SKILLS FOR A NEW FARMING ERA
BY ELLEN COTTEE
The agriculture industry faces pivotal challenges, and a new report from the Royal Bank of Canada (RBC) suggests action is needed. Farmer 4.0: How the coming skills revolution can transform agriculture, details the precarious situation Canadian agriculture finds itself in as it faces a labour shortage, shrinking profits and its slice of global export markets diminishes.
Andrew Schrumm, RBC senior manager of research, said it was the concerns of farmers that inspired the report. While RBC staff were preparing a separate report on youth and the digital skills revolution, they became aware of problems faced by the agriculture industry. “We heard about labour shortages and people not entering the industry,” said Schrumm. “We wanted to explore that with industry groups and see what value we could add.”
The report was released in August 2019 following four months of roundtable discussions with farmers, industry groups, economists and academics. Central to the report’s recommendations are integrating agriculture into school curriculums and increasing funding for skills and technology advancement. It also lays out suggested methods to reduce the shortage of farm labour.
While the industry is by no means in crisis, it is at a crossroads. Canadian agriculture could face a shortage of 123,000 workers within the next decade, stalling productivity and decreasing global exports.
Alberta Barley chair Dave Bishop farms grain near Barons and agreed the farm labour shortage must be addressed. “We need to make agriculture this nice, shiny, attractive opportunity for people,” he said. “Once people get into agriculture, they tend to stay for their whole career. They just need to get here.”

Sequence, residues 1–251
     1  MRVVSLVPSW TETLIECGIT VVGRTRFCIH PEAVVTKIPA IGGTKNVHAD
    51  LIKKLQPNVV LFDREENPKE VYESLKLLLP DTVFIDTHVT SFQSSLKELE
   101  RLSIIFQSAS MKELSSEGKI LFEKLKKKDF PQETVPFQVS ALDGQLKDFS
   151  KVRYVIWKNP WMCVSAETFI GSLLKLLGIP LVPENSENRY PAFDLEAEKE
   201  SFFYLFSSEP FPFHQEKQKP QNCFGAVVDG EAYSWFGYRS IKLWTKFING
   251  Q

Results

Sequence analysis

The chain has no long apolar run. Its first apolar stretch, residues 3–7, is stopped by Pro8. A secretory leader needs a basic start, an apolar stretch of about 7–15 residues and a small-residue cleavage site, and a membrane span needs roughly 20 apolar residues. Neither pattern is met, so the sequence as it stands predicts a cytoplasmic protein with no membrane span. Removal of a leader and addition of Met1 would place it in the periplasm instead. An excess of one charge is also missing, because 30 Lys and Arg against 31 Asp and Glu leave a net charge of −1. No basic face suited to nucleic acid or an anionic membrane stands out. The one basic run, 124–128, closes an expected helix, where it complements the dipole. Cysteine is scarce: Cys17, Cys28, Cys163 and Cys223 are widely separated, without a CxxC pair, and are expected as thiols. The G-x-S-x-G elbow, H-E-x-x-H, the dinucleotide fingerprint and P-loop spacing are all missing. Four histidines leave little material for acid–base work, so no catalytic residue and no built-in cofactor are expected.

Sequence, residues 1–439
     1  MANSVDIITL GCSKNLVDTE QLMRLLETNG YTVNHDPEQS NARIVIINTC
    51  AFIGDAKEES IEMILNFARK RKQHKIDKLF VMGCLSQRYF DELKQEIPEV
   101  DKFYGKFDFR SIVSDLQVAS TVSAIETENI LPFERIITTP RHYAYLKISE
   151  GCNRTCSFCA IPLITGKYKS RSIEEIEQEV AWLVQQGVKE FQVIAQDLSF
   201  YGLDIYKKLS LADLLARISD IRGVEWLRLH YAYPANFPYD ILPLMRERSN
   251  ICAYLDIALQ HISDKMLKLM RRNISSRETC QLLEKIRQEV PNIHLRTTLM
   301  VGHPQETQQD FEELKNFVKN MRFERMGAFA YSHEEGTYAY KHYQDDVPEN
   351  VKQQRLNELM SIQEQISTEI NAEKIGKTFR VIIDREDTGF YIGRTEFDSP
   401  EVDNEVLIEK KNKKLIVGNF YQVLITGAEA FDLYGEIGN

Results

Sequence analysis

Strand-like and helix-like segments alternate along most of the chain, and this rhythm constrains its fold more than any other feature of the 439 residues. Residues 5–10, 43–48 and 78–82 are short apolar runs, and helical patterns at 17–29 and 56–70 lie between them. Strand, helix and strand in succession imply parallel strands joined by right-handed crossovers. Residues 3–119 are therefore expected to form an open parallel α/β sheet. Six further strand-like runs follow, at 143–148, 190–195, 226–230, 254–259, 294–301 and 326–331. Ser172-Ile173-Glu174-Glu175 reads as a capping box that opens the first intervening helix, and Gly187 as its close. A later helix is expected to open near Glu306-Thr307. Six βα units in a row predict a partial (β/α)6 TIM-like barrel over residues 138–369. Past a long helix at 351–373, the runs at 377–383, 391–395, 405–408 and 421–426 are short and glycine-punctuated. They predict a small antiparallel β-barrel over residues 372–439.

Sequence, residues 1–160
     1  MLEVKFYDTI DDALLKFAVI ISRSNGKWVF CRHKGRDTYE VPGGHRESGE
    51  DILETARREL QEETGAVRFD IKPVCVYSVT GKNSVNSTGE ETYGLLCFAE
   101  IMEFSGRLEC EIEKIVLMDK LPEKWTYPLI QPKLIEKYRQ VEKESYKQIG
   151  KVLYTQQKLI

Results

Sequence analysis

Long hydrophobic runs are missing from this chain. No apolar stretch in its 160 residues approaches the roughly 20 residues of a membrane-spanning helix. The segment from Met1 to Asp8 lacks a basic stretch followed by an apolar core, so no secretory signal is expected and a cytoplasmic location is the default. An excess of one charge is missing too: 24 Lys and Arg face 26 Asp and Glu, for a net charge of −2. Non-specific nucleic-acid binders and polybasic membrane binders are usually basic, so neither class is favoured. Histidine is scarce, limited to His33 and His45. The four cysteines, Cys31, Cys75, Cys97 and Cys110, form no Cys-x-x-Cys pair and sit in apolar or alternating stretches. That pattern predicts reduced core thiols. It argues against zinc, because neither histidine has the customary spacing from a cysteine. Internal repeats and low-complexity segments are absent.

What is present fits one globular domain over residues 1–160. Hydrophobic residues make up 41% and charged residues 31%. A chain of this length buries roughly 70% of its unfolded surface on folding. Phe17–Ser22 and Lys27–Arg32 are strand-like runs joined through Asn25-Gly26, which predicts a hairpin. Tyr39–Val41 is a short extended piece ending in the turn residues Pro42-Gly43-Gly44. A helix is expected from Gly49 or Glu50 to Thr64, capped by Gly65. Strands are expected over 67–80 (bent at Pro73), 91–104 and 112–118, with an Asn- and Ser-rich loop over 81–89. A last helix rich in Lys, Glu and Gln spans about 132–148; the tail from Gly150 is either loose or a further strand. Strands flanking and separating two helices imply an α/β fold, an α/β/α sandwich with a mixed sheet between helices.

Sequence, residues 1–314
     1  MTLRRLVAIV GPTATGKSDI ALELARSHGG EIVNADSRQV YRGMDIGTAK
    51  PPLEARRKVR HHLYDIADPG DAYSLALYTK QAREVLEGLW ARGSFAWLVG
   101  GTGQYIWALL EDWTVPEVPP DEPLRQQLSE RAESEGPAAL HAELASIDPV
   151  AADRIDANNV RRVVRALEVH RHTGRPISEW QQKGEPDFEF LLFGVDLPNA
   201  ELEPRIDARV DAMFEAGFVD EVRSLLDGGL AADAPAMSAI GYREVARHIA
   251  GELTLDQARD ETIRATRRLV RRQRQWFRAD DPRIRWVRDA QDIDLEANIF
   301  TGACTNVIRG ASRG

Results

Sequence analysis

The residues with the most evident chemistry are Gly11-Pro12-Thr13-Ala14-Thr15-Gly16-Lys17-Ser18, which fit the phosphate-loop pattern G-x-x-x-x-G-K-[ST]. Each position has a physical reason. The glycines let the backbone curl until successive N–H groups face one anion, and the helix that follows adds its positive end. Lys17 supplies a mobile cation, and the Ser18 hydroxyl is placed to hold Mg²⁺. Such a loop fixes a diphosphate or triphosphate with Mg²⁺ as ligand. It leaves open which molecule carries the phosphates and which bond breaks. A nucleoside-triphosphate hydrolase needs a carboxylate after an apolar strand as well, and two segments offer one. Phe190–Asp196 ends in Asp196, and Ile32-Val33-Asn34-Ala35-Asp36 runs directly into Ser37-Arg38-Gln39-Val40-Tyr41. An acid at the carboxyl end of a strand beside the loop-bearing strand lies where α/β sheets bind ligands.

Getting them here requires better integration of agriculture into general education, the report concludes. Compared to their peers in countries such as Australia and the Netherlands, Canadian children are not generally taught about food production and farming practices. They enter the workforce with little awareness of opportunities presented by the industry.
Once students are made aware that the farming sector requires workers with a wide range of skills, they’re drawn to investigate. To make this happen, co-operative education, a mix of classroom learning and real-world experience, is an effective way to educate young people about agriculture.
“Producers have told me they have software engineers [do co-op work] on the farm, and once they get on the tractor, using the equipment they’re programming, they see the opportunity there,” said Schrumm. “There are many skills needed in agriculture.”
Technology is another area government and industry groups must address to maintain global competitiveness, the report states. In 2018, Canada’s share of global agriculture technology funding was just 3.4 per cent, behind Brazil and India.
It’s not that farmers don’t want technology, explained Bishop. “We are often early adopters of technology,” he said, instead suggesting barriers centre upon money. “We may call it a family business, but it’s still a business, and we need to look at our capital investment.”
More funding from government, industry and private sources for technological innovation in agriculture would help the ag sector increase production by overcoming the barriers of time and money, summarizes the report. A set of federal government economic recommendations, The Barton Report of 2017 likewise emphasized the importance of funding the sector.
As with integrating agriculture into the education system, spurring increased funding for skills and technology will not be a speedy process. “There’s a lot of opportunity in the industry,” said Schrumm. “We’re all thinking long-term about what agriculture will look like, but we need to start preparing now.”